4: Just Like Old Times
The wall opened, revealing a small elevator.
“See?” said Leira, as she stepped inside. “Yer still got the touch. Now, how do you go working this feckin’ thing?”
By the time Emily had worked it out, Kaori had joined them. “Secret buttons don’t strike me as very Malkuthian,” she said.
“Which makes it the most Malkuthian trick of all,” Emily replied with a brief grimace of recollection. “That’s how they get you. You’re so busy looking for the clever trick that they’ve fooled you with a sleight of hand. I mean, look at this.” She gestured to the control panel. “Two buttons, so two floors, right?”
She pressed both buttons. The doors closed and the elevator began to move.
“Getting them vibes again, are we?” asked Leira, unable to contain a grin of pride. She had always said this day would come.
“Experience, actually,” said Emily, and left it at that.
The elevator opened to a room identical to the one they’d left, save for the lack of battle scars and an abundance of warm light. Emily stole a glance into the main chamber. The plinth was alive with a golden projection depicting a tight network of tunnels and antechambers — and standing at the console that controlled it was a pair of young men in long coats trimmed with neon colour.
Lance Algar, the taller of the two boys, caught her eye. “Yo, Christof,” he said, “we’ve got company.” With a big grin he added, “Hey, ladies.”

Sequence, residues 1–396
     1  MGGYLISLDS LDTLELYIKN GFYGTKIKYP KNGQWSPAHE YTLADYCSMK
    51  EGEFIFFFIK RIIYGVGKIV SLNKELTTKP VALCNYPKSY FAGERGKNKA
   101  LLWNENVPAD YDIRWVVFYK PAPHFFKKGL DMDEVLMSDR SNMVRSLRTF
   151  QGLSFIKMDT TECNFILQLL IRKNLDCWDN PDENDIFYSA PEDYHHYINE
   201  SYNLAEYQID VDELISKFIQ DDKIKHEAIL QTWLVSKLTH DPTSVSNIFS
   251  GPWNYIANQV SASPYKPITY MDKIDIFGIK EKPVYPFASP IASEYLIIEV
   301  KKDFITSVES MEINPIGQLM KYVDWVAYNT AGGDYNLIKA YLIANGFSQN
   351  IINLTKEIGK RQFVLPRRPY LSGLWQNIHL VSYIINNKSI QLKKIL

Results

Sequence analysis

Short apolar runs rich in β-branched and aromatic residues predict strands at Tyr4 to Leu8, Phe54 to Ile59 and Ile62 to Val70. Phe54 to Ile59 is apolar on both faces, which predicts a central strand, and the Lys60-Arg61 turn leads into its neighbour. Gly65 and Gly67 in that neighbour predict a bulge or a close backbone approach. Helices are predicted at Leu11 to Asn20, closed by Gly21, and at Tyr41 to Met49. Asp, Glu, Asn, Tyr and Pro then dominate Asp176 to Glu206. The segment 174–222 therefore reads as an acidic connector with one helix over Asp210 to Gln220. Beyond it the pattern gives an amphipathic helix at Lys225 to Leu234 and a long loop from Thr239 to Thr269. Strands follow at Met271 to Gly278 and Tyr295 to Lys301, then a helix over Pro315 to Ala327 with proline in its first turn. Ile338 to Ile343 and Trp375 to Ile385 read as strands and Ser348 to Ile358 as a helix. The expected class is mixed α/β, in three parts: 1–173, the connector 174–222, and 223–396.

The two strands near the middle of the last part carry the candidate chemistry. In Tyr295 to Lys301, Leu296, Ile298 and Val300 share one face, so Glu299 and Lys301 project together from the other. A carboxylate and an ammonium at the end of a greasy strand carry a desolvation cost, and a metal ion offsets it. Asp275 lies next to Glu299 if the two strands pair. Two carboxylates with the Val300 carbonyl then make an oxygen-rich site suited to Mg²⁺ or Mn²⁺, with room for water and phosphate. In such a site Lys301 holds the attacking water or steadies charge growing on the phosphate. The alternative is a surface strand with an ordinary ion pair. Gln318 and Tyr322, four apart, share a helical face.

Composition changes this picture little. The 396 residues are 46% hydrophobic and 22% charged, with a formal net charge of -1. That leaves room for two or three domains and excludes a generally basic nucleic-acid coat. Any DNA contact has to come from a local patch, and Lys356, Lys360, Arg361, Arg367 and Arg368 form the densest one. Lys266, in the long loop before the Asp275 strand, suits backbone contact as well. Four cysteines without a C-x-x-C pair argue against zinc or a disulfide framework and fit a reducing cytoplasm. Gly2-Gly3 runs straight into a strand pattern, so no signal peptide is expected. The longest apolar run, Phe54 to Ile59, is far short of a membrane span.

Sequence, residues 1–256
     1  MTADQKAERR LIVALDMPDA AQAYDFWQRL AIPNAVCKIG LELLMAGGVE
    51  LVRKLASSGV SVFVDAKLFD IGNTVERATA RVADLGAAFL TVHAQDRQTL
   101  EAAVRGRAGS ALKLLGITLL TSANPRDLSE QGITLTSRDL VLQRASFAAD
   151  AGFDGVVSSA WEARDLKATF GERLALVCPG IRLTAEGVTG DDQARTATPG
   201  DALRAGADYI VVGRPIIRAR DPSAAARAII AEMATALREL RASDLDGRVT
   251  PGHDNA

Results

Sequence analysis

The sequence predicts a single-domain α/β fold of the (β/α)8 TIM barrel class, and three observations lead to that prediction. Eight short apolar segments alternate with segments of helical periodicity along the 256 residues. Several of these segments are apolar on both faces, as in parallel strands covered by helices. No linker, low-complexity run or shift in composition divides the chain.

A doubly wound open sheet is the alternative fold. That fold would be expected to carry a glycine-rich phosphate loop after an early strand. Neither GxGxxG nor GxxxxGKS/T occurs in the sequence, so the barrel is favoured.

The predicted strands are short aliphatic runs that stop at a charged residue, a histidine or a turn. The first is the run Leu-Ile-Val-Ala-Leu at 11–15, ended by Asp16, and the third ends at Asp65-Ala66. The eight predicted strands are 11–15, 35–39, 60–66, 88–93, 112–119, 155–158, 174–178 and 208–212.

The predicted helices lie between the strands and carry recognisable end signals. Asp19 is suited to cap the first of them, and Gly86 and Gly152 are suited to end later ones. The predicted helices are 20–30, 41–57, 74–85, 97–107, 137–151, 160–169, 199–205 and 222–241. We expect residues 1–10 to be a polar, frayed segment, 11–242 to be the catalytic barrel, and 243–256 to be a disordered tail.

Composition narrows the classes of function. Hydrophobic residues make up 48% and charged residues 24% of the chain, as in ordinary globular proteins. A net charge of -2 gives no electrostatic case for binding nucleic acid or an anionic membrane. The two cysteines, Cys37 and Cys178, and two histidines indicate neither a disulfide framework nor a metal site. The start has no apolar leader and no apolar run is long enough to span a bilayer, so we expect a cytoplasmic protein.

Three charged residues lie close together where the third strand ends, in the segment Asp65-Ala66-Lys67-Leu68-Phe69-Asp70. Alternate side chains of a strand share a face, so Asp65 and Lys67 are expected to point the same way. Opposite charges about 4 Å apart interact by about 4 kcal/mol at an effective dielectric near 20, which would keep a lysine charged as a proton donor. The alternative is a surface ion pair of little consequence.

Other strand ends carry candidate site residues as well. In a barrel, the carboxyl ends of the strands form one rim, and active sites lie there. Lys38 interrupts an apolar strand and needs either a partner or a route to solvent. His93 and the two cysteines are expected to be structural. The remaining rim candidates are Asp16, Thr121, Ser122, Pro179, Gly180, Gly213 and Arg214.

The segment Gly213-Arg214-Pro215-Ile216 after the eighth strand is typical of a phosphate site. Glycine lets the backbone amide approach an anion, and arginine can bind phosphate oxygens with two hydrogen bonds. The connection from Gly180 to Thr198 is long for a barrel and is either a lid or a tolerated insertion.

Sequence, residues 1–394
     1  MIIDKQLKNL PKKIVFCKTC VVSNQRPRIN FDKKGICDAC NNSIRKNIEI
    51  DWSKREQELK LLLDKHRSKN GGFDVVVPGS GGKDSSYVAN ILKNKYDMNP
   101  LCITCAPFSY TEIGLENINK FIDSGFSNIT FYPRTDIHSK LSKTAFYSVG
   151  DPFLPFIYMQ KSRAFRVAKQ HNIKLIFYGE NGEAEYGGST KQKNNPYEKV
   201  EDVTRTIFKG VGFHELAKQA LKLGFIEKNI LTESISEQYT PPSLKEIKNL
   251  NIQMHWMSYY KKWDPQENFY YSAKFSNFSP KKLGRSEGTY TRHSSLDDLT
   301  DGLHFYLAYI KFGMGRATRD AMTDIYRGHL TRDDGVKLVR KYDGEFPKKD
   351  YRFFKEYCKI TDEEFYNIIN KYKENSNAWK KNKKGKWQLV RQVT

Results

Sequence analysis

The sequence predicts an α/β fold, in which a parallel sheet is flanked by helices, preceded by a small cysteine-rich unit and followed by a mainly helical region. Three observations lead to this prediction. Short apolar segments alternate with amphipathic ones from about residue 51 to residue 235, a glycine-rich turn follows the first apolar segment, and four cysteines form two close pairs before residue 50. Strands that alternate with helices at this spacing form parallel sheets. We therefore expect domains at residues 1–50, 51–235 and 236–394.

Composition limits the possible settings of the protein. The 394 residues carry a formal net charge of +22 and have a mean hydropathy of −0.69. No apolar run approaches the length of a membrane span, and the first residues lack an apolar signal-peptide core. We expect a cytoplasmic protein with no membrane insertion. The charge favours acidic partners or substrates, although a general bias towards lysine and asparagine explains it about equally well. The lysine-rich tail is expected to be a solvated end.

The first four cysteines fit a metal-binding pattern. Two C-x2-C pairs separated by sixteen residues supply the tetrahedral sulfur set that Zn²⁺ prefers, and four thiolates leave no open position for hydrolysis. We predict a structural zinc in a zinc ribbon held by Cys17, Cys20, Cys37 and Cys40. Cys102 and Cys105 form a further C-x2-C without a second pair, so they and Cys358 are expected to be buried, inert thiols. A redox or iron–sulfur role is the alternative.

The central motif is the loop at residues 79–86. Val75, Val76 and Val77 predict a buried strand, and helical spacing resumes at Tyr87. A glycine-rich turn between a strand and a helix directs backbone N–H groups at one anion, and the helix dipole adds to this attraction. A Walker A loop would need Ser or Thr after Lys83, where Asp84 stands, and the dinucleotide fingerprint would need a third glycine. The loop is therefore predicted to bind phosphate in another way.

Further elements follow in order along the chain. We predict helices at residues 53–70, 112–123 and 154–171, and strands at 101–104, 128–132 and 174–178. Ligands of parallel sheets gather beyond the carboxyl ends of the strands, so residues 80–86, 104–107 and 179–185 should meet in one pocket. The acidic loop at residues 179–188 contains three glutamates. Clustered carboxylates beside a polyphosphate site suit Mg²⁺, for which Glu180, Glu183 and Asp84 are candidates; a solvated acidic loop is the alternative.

Emily had to admit that Lance was one of the more attractive members of the Second Class, with a trim physique and rich olive skin that lacked the synthetic shimmer Malkuthians were so fond of. Sadly, he didn’t back his looks up with maturity. “S’up?” he asked, as much to their chests as anything.
Before Leira could shoot him down with one of her dagger-sharp snarks, Emily stepped forward. Emily was a nice girl. “Hello, Lance, Chris,” she nodded to the boys in turn, flashed a smile their way. “Looks like we came to the right place!”
“You bet’cha,” said Lance. “Christof here’s working his mojo on the old computer. It’s all gobbledygook to me.” He turned to his shorter friend, “How’s it coming, Christof?”
Chris Shaw turned his attention from the computer console and dissolved his upswept visor with a touch. He was an odd man, shorter than most but with a knowing wisdom in young eyes. Unlike his friend Lance, who only dressed like a Malkuthian, Chris actually was one, and that made his true age difficult to determine. Was he an old man in a young man’s body? Or was he a young man who had lived a dozen simulated lives through the datasphere, where time had no meaning? Or was he both, or even neither? Chris himself never let on. Most people simply assumed he was as old as he looked.